It has been a sex work week or two…though nah: this is not an excuse for off-colour joking. Its actually quite – deathly – serious.
So no apologies to those who find the subject a bit difficult. And while it is lovely to welcome aboard journo’s who appear, at last, to be “getting” some of the issues that i and a very few others (including Brooke Magnanti and Laura Agustin) have been banging on about publically for a while, its a shame it took so long.
I get totally that many feminists are more than queasy about sex work, so i’m not going to rehash here arguments about whether it is genuine choice or false choice or whether positioning it as false choice is itself to deny autonomy and adds to the oppression of those involved. I do passionately believe that unless you are some sort of exponent of ultra-tough love (its not working unless its hurting!), “helping” women out of sex work by criminalising them, imprisoning them and leaving them wide open to violence and abuse is something that most of us ought to be able to unite against.
I’ll start with a photo exhibition by journalist and photographer, Vera Rodriguez, currently hosted at the Crossroads Women’s Centre in Camden by the English Collective of Prostitutes (ECP). It showcases images of Belgium’s red-light district taken from the peep show where she was working, is accompanied by an audio installation of sex workers’ voices from various levels of the sex industry – and projects a hard-hitting message that should not make anyone currently riding the back of these issues politically comfortable.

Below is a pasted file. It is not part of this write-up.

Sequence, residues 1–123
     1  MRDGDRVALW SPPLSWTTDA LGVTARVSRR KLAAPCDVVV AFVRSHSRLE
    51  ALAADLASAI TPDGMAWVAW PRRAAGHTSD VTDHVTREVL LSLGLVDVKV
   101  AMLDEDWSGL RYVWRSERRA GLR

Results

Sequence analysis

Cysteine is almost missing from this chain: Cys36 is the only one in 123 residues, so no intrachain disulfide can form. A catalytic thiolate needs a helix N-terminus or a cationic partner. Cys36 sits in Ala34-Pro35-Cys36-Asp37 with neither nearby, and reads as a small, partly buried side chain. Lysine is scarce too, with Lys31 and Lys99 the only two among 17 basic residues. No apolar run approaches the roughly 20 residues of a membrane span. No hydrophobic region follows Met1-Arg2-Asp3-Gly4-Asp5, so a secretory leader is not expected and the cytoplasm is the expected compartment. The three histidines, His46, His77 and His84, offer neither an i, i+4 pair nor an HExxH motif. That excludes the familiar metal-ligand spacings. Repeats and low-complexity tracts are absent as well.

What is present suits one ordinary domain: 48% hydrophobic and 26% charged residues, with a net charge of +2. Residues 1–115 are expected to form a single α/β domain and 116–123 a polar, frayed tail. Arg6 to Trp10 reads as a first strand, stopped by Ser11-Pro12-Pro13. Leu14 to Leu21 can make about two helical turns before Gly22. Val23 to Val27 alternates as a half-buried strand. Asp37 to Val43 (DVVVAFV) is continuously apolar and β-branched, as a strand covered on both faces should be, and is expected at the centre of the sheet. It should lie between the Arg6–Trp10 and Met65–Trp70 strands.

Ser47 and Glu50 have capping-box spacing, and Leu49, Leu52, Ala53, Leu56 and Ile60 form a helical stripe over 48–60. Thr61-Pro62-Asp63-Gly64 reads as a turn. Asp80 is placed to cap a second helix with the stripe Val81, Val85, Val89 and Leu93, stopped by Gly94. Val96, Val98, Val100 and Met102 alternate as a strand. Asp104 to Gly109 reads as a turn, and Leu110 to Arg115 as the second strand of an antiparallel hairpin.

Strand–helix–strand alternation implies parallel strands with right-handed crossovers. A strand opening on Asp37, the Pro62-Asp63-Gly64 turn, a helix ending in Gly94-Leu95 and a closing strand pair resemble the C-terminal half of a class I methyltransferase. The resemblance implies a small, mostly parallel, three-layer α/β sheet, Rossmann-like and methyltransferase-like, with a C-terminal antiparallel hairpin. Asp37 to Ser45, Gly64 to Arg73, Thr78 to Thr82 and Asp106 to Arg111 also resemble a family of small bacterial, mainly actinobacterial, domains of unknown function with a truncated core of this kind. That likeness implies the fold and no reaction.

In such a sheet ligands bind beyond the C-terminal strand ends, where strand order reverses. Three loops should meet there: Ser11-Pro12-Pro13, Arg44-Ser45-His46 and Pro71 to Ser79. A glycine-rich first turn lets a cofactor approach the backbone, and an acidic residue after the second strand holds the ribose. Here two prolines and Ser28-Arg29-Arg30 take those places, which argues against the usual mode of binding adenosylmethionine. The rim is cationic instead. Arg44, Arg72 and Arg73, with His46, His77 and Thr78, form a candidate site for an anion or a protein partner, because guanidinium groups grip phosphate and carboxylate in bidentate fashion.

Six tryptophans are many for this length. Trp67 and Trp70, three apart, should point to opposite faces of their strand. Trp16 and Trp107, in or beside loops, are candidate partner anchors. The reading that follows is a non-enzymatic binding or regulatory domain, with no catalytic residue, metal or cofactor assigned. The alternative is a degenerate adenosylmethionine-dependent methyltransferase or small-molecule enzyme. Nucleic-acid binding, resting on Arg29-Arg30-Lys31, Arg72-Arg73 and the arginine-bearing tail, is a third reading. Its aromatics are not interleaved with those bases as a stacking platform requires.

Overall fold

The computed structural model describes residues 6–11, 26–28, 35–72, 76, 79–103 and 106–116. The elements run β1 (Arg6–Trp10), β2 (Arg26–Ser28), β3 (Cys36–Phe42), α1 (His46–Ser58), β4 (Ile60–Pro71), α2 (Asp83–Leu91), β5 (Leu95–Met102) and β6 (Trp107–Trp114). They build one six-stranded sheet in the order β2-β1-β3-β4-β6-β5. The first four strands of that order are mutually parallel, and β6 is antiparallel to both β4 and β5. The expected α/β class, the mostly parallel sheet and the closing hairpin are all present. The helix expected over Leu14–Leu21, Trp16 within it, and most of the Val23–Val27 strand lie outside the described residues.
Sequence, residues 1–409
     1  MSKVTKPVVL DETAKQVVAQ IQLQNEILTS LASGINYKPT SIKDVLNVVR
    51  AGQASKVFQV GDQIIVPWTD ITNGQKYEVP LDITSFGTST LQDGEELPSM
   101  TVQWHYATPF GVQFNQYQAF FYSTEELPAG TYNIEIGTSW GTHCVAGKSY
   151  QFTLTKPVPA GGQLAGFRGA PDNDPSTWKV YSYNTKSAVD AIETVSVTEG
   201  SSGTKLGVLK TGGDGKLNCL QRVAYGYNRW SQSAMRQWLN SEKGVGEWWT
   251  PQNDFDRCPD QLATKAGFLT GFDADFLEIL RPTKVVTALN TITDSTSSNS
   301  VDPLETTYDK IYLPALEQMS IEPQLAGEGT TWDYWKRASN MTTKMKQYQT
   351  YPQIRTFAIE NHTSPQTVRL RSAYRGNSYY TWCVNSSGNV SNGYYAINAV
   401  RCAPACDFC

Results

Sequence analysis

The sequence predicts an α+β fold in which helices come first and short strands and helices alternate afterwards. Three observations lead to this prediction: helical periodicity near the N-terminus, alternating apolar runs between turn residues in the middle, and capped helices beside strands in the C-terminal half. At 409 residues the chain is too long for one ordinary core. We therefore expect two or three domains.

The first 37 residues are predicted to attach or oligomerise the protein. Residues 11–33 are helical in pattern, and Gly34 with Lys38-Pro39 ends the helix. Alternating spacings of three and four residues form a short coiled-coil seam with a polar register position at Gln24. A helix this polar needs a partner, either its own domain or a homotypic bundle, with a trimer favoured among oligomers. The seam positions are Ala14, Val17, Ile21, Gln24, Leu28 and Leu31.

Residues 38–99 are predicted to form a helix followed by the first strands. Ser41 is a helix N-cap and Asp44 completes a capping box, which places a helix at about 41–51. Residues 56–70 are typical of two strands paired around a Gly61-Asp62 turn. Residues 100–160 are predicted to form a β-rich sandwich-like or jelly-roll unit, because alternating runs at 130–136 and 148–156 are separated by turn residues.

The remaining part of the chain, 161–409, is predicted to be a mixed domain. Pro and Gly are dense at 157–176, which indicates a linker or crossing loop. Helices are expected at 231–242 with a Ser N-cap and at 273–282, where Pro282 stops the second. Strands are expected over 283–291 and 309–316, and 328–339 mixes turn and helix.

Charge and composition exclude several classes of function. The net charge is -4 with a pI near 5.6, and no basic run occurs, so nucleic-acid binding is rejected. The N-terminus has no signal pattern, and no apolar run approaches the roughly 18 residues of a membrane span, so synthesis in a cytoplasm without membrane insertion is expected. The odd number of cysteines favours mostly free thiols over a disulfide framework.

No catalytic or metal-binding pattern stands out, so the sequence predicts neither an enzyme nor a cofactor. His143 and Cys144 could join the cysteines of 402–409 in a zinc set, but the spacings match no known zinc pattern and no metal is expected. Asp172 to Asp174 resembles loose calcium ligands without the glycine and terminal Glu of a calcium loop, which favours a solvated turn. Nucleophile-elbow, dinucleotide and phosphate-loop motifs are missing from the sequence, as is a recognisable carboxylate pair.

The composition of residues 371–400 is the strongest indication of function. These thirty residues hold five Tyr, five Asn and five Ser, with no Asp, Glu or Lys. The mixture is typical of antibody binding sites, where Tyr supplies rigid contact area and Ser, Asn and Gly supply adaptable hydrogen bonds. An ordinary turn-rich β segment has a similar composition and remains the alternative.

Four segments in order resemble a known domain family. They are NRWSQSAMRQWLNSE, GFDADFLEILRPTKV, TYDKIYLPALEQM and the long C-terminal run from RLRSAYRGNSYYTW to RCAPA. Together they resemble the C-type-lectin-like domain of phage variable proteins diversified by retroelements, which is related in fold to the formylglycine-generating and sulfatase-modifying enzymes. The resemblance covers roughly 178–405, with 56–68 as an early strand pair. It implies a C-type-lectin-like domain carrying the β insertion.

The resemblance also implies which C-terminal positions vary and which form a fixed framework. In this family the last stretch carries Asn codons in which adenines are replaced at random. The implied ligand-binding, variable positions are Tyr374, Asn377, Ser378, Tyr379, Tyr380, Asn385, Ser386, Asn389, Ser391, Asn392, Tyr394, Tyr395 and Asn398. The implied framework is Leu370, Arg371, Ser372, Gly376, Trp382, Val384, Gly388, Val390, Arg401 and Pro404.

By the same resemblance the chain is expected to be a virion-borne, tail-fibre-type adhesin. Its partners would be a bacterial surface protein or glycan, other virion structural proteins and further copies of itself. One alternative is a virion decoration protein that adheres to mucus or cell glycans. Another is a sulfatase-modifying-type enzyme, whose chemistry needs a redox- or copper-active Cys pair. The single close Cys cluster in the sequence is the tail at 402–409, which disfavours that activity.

Vera writes: “The laws are not fair to those of us who offer sexual services for money. Criminalisation, stigma, isolation and lack of protection are just some of the problems that we face. Some countries decide to persecute the client but that doesn’t make it easier for sex workers. Trafficking is used by the police as an excuse to deport migrant sex workers, while genuine victims don’t get help.”
Guide to rights for sex workers
The exhibition launched alongside the ECP’s guide “Know Your Rights – A-Z for Sex Workers” (download here). This innocuous little factsheet is legal dynamite. For it is about building a movement to empower sex workers to demand their rights – to give them the ability to control their own working environments and to live in safety, not constantly under the threat of violence or arrest should they report violence.
The Olympics and the “lost tribe of sex workers”
Its a timely launch. As i’ve been writing for years now: there is another very twisted meme at work within our law-n-order culture right now: a myth, about some apparently lost tribe of sex workers that is trafficked from major global sporting event to the next.
The figure of 40,000 keeps coming up – i did talk to a researcher recently as to whether there was some peculiar urban mythic significance to the number – and yet…and yet…the evidence for this number is pretty absent.
As it should be. For neither economic logic nor any sense of criminal self-preservation makes trafficking large numbers of women in and around big sporting events worthwhile. There is no good evidence it has ever happened. Not even the Met believed it happened last time i asked them – though this hasn’t stopped them apparently accepting half a million smackers to prevent it happening at the London Olympics.
Action plan to protect women
And this gives rise to three separate points: